Review: Out of Nowhere (Middle of Somewhere #2) by Roan Parrish

The only thing in Colin Mulligan’s life that makes sense is taking cars apart and putting them back together. In the auto shop where he works with his father and brothers, he tries to get through the day without having a panic attack or flying into a rage. Drinking helps. So do running and lifting weights until he can hardly stand. But none of it can change the fact that he’s gay, a secret he has kept from everyone.

Rafael Guerrera has found ways to live with the past he’s ashamed of. He’s dedicated his life to social justice work and to helping youth who, like him, had very little growing up. He has no time for love. Hell, he barely has time for himself. Somehow, everything about miserable, self-destructive Colin cries out to him. But down that path lie the troubles Rafe has worked so hard to leave behind. And as their relationship intensifies, Rafe and Colin are forced to dredge up secrets that both men would prefer stay buried.

The cover of the first book in this series (In The Middle of Somewhere) drew me in and on reading I found a debut novel that I really enjoyed, so when the opportunity to review the second book came up I jumped at the chance.  I am so, so glad I did. I think I actually enjoyed this book more than the first one. 

Set in a timeline concurrent to the first novel, Out of Nowhere, could be read as a standalone. Colin is the brother of Daniel from the first book and while the two characters appear in each others storyline briefly it is not imperative at all to understanding the story. If you have read the other book however, it gives insight to events from two different perspectives. This I really enjoyed, and it served as a  reminder that how we view things is not necessarily how others view things.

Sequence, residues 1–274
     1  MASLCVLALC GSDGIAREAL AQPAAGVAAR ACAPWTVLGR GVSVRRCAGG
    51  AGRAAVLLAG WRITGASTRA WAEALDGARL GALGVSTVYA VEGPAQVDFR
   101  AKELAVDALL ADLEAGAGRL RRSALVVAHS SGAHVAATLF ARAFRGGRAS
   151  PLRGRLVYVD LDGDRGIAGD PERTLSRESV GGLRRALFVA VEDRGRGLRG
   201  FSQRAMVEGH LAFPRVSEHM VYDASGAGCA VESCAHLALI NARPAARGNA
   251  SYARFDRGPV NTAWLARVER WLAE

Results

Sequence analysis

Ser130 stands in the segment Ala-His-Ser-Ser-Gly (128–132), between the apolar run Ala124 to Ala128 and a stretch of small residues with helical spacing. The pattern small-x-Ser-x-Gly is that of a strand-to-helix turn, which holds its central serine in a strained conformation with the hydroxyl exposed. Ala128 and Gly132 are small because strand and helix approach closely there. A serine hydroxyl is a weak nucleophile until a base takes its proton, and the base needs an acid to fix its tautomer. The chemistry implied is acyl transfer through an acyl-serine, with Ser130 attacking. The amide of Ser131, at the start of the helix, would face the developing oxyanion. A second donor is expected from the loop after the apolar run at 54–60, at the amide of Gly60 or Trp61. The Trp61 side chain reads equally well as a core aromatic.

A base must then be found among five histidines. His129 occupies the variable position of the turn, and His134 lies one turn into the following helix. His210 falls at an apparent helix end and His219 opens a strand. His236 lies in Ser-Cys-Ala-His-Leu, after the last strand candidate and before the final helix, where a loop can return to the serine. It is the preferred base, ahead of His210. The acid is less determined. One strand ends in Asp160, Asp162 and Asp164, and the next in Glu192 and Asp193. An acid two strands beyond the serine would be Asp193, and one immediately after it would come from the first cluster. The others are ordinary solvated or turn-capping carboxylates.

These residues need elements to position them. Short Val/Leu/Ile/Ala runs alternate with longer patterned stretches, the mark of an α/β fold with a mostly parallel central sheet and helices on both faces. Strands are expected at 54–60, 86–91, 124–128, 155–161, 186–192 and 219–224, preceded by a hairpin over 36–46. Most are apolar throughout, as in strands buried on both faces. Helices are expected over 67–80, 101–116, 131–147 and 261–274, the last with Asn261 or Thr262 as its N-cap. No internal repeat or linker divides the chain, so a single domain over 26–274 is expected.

This story is about Colin (a character not to be loved in book 1) and Rafael. Colin, on the surface, is not a  nice bloke - but his own worst enemy is himself. His actions are governed by a fear of who he really is. Does it always justify hos actions? No, not necessarily. He is hot headed, prone to fits of temper and pretty unaccepting. At least on the surface. He doesn't know how to reconcile the "two" parts of him; the tough, no bullshit mechanic and "the gay". 

At times I was so angry with him, I wanted to shout just be you, don't hide. At other times though I felt insanely sad that he was so uncomfortable in his own skin as it is only because of the judgement of others that  he felt he couldn't be true to himself. And frankly, that's bloody sad. Colin didn't change from the person he's always been once others found out he was gay but how others reacted to him did. Which really freaking pissed me off because why does someone's sexuality make an iota of difference to anyone else? It doesn't, Colin is Colin is Colin. And people have to deal with this crap - and so much worse - everyday. Okay, maybe writing a review at 4am after waking from a nightmare isn't the best idea, I get ragey. 

Rafael was, on the surface, the opposite to Colin in many ways. Even tempered, he lives to help queer youths, to have a place where they can learn life skills without any judgment on who they are or who they are attracted to. It is only as the story goes on we see this as his way of redeeming a past he is not proud of. When he engages Colin to come and share his mechanic knowledge with the kids. it really is the start of a journey for them both.

I think the attraction of this story is being able to understand life from different perspectives, to be reminded that life is not black and white, and assumptions can be very harmful. Roan Parrish writes very engagingly, with a storyline and characters what are engaging and page turning. I cannot wait to read more from this author.

A copy of this book was given in exchange for an honest review.

For more information:

Dreamspinner Press



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